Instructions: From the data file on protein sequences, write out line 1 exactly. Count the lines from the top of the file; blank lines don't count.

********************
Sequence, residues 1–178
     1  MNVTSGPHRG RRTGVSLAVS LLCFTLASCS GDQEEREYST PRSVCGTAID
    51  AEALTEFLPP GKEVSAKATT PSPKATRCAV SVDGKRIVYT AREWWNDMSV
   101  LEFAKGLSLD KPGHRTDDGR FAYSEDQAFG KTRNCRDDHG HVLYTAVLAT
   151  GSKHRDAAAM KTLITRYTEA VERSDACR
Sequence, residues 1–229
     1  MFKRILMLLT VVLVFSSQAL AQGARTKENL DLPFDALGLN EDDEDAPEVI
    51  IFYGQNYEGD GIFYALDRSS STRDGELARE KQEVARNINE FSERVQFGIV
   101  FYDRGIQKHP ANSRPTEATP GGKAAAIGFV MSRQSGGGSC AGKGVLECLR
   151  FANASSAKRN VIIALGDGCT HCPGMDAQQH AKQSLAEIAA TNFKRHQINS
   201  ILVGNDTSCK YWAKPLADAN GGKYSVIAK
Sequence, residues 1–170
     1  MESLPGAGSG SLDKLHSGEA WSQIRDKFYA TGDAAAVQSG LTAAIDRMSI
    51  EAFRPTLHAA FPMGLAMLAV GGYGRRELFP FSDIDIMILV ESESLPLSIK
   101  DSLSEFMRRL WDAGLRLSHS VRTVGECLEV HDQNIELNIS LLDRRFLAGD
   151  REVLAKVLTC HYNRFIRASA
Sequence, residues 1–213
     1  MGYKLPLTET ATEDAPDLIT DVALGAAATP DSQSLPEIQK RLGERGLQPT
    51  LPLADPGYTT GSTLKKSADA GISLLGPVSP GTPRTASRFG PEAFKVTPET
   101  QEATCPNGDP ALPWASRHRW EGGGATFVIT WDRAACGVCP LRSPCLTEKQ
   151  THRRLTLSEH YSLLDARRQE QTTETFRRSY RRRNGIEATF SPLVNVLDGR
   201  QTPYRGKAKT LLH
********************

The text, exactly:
Sequence, residues 1–178